The Great Inland Way: Cairns to Cooktown

  1. The Great Inland Way: Cairns to Cooktown

Haitham Razagui  |  November 2019

Three generations of Haitham Razagui's family embark on a 4000km inland odyssey from Cooktown to Sydney, in a Golf R wagon. 

“So you’ve flown into Cairns from Brisbane, so you can drive to Sydney,” clarifies hotel receptionist Carly.

“Yes,” I reply. “But I’m going to Cooktown tomorrow.”

Carly’s forehead wrinkles. “And your room booking is for three adults and one child?”

“That’s right. I’m travelling with my wife and three-year-old daughter. And my mum who is visiting from the UK.”

At this point all breezy check-in small talk has evaporated and the real Carly is before me. “In that little blue car outside?” she queries with widening eyes, motioning to the Golf R wagon my family is beginning to unpack outside the lobby entrance.

I nod. As Carly hands over the room key, her voice lowers. “In your shoes,” she rasps, “I’d be thinking shoot me now.”

The plan is to follow the Great Inland Way, a non-obvious route from Cooktown in Far North Queensland down to Sydney to match the less-than-obvious choice of car.

Hopefully we can prove Carly wrong and avoid creating any family feuds in the process.

We’ll be on the road for more than two weeks and covering more than 4000km while soaking in as much of each destination as we can.

Packing for so many climate zones means we're at the limits of our airline luggage allowance and even testing the Golf R Wagon's commodious cargo capacity. As such, loading and unloading presents a source of friction to begin with, but I keep reminding myself that suitcase Tetris gets easier with practice.

Our first overnighter is Palm Cove just north of Cairns, a laidback holiday hamlet that happens to be where my wife Tace and I tied the knot in a little beachfront chapel almost eight years ago.

It’s an appropriate departure point for Cooktown and potentially soaked in irony if this trip ends up being the ultimate test of our marriage. In truth, we just wanted to see Palm Cove again, its manicured esplanade home to a number of majestic melaleucas old enough to have been described in James Cook’s diaries as he charted Australia’s east coast in 1770.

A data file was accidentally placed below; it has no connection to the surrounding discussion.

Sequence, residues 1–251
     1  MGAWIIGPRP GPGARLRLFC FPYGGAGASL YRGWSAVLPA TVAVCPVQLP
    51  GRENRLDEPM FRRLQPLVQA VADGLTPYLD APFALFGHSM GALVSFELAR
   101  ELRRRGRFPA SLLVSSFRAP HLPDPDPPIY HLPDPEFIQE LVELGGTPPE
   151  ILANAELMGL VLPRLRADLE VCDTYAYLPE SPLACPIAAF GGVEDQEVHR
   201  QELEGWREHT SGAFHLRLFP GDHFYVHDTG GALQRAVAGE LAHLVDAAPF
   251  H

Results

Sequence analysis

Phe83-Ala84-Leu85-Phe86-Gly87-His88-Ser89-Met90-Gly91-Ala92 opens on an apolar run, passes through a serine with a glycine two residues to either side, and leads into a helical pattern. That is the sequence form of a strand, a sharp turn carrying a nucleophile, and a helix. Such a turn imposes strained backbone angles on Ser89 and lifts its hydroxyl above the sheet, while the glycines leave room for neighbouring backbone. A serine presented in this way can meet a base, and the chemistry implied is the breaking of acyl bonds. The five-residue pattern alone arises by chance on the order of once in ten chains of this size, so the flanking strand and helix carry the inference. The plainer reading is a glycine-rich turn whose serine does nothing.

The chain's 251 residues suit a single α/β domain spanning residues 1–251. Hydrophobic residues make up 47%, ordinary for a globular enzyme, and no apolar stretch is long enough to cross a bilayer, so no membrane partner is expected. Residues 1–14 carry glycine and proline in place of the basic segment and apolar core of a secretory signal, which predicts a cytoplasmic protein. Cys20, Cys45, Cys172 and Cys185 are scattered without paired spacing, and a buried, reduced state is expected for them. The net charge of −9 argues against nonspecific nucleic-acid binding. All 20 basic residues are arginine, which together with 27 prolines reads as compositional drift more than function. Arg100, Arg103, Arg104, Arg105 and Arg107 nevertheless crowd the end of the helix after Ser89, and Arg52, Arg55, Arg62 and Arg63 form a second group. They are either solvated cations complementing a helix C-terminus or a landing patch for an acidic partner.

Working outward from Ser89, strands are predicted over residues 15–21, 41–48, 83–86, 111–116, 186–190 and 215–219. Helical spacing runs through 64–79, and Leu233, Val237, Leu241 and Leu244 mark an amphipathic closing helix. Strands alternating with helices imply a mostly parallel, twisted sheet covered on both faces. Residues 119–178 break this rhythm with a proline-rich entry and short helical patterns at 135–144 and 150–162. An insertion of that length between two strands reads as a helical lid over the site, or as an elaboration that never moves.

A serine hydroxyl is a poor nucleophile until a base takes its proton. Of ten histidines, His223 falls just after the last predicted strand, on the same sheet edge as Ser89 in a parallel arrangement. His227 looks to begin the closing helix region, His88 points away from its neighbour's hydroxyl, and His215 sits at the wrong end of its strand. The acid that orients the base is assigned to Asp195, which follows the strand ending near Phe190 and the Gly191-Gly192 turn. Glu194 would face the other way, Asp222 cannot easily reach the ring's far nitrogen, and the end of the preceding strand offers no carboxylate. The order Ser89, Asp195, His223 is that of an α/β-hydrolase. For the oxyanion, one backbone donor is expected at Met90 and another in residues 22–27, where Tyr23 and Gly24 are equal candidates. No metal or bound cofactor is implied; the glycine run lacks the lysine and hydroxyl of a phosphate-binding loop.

The four-hour journey north takes in the spectacular coast-hugging Captain Cook Highway to Port Douglas before we head inland just outside Mossman, passing trains and trucks packed with freshly harvested sugarcane before we tackle the tightly twisting, rainforest-lined climb to Mount Molloy.

Even fully loaded, our high-performance Golf  is clearly in its element on this mountain pass, climbing strongly and steering keenly without throwing our passengers and possessions around or becoming a bucking bronco on lumpy cane train crossings.

Relieved, we pause at a precipitous layby on the way up to take in views of Snapper Island, behind which the ocean-fringing Daintree rainforest sprawls into the distance.

Not far from here we pick up the Mulligan Highway for the final northbound leg and quickly things feel a lot more remote, with Brahminy kites swirling through big smoky skies as they pick off bushfire-fleeing prey and unfenced cattle stations spilling their wandering stock across the road.

We pass through the eerie piles of granite boulders of Black Mountain National Park before reaching the Annan Gorge causeway, the riverbed exposed in these dry winter conditions and formed from such jaggedly carved rocks that we can’t help but imagine the raging rapids that must exist here during the wet.

From here, the landscape quickly gets greener, densely forested Mount Cook appears on the horizon and we’re soon among the buzzing, frontier-like atmosphere of Cooktown.